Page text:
Of course, then there was the time when a group sent their edits back as five separate versions instead of in one doc because why make my life easy? I had to cobble that nightmare together, combine their edits into a new, coherent doc, accept what edits made the most sense when they contradicted one another, and point out the numerous inconsistencies. In the end, I begged the account manager to beseech them to appoint someone to consolidate their next round of edits into one doc. (She did and, of course, they didn’t.)
The curse of perfectionism
Copywriting can be tough on the psyche, particularly for me. See, I suffer from perfectionism. Now, before you think I’m being big-headed, I’m not saying I’m super talented or anything. It’s actually the exact opposite. I’m super critical of what I produce. My headlines are never as creative as I think they should be. My turns of phrase not as crisp as I’d like. It leads to lots of self-loathing, second-guessing, writing paralysis, and frenzied rewriting. (It’s one of the reasons I’ve never really pursued my creative writing seriously — well, that and being bone idle). Author Melissa Pritchard tried to boost my self-confidence in grad school when I was pursuing my creative writing degree. She told me I was a natural storyteller and to strive for excellence instead of perfection because the quest for perfection is destructive and never-ending. (Obviously, that still hasn’t sunk in.)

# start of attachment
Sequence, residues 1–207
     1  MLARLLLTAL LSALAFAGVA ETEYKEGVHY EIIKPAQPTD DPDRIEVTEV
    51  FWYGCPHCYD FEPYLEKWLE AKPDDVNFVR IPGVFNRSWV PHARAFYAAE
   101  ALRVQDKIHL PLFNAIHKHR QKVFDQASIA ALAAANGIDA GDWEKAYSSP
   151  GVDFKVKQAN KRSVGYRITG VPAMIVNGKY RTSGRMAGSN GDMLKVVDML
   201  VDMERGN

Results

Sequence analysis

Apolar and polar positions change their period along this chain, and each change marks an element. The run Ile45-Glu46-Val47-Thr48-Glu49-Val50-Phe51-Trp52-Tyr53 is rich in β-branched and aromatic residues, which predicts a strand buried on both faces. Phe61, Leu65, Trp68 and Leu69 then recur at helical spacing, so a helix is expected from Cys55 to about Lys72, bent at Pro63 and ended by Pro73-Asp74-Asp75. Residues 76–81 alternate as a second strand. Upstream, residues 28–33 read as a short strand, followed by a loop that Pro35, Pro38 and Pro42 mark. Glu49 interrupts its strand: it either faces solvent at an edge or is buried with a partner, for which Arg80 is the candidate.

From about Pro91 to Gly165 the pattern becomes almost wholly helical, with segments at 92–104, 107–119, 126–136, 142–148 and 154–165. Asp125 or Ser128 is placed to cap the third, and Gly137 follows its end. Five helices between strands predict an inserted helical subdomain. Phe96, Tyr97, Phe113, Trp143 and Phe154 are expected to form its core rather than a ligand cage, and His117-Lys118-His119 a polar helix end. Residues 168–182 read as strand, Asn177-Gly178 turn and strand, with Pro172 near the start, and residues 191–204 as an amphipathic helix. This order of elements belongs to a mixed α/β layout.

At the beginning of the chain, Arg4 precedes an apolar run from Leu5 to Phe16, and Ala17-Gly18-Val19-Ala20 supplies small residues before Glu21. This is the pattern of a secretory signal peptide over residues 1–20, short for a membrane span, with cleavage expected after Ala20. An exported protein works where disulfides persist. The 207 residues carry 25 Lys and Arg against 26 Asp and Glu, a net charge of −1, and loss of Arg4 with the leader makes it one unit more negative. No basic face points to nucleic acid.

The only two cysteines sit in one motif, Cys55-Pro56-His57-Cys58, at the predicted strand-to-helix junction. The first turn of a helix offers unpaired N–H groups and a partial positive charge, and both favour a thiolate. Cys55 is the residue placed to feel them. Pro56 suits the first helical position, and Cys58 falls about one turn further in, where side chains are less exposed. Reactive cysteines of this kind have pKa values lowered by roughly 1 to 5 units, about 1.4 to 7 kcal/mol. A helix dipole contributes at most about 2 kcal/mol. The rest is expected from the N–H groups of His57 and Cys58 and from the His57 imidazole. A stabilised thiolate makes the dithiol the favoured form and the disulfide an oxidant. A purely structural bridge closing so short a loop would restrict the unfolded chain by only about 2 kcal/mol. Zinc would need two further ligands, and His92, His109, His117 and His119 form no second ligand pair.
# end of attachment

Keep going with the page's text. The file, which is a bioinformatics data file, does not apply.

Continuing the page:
Anyway, I think David Ogilvy, the Godfather of advertising, summed it up nicely when he said that copywriters are a neurotic bunch and exist in a state of constant anxiety, fretting over 90%* of what they produce and reveling in the occasional home run.
Guilty as charged.
But those occasional home runs are what keep us going.
Someone’s gotta do it
Usually, we copywriters at the agency don’t deal with clients directly except for a kickoff call or a rare meeting to get more clarity. Dealing with the clients is the account managers’ thankless job (suckers!), and everything is routed through them as the gatekeepers. Trust me, I would not want their job for double the salary. Still, that doesn’t mean the client isn’t going to torture me with vague directions, ridiculous or contradictory requests, and mindnumbing revisions.